In a shock turn of events, the hunter has become the hunted in the Queensland University of Technology 18c case. Cindy Prior having lost her case against three QUT students accused violating 18c of the Racial Discrimination Act has now been ordered to pay over $200,000 in legal costs.
Prior, who had been employed by QUT in its indigenous computer lab, had accused several students of violating 18c when after being kicked out of the computer lab for not being indigenous they complained on a Facebook group saying, “QUT is fighting segregation with segregation”, “Where’s the white supremacist lab?” and “ITT niggers”.
Since the incident, the complaint has gone to the Australian Human Rights Commission, several students settled the case paying $5000 each and Prior has been on stress leave from her job ever since. This case that continues three years after the initial complaint should demonstrate why the courts are not the appropriate place to resolve complex social issues such as racism.
The QUT case has been a disaster for all involved, the QUT students have had their reputations muddied, faced financial ruin and had three years of their lives taken from them for at what at worst could be described as casual racism (or at best for defending themselves against reverse racism); Prior now has been ordered to pay a ruinous sum of money for pursuing her rights under existing law; the Australian Human Rights Commission has been exposed as being incompetent and its very existence is now at risk; the lawyers for QUT students will likely never see payment of their legal fees and even Prior’s lawyers have been humiliated both by taking the case and by their failure to understand basic legal proceedings.
Much attention has been focused on the QUT students and the arguments around free speech; however, Prior herself is also a victim of this case. She is a victim of a society that enables her to go on stress leave for two years after such a trivial incident. She’s victim of a rent seeking human rights industry that shops for victims. And she’s a victim of a society that tells us all that we’re fragile and need protecting.
Instead of having her victim mentality discouraged, it was enabled. What Prior needed was support in dealing with conflict and in understanding that not all Australians believe Aboriginal people deserve or should get special privileges – such as segregated computer labs. What she got was a Human Rights Commission all too ready to take her weak claims seriously. She got an industrial relations system that allows people to go on stress leave for trivial matters. All of these things lead her to her current situation. After three years reality smashed into the side of her victim mentality like a ship hitting a coral reef.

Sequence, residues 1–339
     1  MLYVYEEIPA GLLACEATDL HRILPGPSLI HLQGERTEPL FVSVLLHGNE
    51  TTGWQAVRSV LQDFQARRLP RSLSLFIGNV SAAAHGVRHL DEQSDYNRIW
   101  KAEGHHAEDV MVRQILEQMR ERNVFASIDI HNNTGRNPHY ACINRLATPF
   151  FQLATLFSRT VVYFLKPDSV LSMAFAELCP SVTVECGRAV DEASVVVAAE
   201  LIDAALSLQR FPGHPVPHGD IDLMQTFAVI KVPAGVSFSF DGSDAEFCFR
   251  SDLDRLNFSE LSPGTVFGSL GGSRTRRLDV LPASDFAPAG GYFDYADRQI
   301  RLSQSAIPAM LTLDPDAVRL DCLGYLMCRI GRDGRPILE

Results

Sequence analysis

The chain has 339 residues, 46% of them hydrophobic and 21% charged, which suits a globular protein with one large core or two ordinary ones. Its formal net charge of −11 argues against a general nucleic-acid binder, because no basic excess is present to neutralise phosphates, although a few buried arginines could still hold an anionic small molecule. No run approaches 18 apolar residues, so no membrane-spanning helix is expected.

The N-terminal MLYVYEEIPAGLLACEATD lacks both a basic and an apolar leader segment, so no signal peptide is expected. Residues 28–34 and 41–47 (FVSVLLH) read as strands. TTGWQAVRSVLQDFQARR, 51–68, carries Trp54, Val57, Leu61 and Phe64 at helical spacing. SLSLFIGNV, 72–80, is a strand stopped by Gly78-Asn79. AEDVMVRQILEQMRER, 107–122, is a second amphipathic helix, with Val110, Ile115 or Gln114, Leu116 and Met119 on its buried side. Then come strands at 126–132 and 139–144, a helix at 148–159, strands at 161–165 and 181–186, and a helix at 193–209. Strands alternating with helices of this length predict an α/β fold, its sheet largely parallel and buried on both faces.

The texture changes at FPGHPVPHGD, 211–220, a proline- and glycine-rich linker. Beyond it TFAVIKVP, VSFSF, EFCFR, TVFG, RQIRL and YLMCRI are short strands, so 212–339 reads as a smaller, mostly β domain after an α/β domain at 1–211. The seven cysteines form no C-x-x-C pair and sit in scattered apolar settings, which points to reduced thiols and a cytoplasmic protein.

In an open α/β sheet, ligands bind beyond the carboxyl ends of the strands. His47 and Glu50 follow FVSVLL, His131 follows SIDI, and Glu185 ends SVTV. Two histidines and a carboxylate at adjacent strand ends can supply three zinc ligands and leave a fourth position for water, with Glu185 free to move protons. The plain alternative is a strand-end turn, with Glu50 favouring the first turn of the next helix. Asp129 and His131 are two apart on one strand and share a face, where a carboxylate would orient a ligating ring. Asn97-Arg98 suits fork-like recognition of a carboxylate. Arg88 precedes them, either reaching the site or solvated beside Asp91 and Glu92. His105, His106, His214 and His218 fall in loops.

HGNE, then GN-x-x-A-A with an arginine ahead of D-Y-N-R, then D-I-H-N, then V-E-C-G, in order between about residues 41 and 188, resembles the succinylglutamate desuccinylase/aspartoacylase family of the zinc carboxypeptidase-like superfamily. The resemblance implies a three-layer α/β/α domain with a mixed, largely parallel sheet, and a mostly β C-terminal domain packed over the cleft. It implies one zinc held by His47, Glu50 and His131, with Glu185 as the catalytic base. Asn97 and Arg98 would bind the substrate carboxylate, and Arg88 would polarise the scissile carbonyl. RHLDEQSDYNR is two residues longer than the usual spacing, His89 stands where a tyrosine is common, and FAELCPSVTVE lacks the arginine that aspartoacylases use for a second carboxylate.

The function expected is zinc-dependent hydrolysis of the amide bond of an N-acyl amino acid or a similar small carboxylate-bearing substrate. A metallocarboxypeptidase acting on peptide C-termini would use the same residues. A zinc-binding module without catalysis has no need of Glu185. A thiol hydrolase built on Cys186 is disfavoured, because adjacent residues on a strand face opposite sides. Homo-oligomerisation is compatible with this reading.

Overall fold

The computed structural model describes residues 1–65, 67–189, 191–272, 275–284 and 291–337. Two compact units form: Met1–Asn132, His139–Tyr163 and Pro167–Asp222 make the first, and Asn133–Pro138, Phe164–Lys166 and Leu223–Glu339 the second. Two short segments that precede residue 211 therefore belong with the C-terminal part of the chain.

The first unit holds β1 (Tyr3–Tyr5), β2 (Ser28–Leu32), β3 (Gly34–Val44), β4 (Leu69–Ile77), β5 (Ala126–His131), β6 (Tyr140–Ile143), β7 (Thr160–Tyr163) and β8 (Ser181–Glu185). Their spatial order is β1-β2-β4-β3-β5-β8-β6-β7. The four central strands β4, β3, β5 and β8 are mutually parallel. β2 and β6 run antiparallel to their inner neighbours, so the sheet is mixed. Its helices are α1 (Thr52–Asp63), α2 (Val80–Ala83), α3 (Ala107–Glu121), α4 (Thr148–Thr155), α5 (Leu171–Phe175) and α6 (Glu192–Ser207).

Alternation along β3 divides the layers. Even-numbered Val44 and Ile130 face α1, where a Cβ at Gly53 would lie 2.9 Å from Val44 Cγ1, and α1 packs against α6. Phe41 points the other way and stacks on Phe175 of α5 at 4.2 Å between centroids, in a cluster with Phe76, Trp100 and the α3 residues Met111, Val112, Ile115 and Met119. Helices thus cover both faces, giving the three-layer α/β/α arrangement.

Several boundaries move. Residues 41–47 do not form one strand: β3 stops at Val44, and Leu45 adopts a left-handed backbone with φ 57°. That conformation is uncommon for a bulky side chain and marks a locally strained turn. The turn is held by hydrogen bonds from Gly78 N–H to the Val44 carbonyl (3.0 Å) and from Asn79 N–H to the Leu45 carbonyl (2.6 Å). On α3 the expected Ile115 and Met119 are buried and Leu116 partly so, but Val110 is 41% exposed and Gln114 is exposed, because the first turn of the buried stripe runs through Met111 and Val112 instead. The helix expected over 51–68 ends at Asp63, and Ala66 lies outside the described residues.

In Tanveer Ahmed’s book, ‘Fragile Nation’ he details a case where one of his patients was suing his former employer claiming workplace bullying because of some banter from colleagues who had sent him text messages saying, “You smell a bit like curry today. I bet your wife is a good cook.” Another said, “You’ve got a pretty good job, don’t ya … all the Indians I know are cleaners or in the servo.”
While this banter was neither funny nor appropriate it’s hardly the grounds for someone to sue their employer or suffer Post Traumatic Stress Disorder. However, stories like this are all too common. Human resource departments are busy dealing dubious claims of workplace bullying, sexual harassment, racism, homophobia, transphobia and worker’s compensation claims.
People in our society have lost the ability to be resilient and are a far too quick to play the role of the victim. We’ve seen this with the rise of identity politics and the oppression olympics. After 20 years of being left out of these special olympics, white males are now joining in with men’s rights activism and a rise in white nationalism. A ‘Straight Lives Matter’ Facebook page can’t be too far way.
Fundamentally for all the progress our society has made against bigotry we still have some way to go. However, the court system is not going to solve society’s problems. Dragging people into court for trivial incidents and misunderstandings helps no one. Suppressing free speech helps no one.
Laws such as 18c actually have the potential to make things worse as they enable people to see themselves as victims and suppress free speech.
Imagine if three years ago Cindy Prior and QUT had explained to the students why they felt an indigenous only computer lab was necessary. Perhaps the students may not have accepted the explanation, but at least the conversation would have been more productive than this court case.
Justin Campbell is on the executive committee of LibertyWorks.
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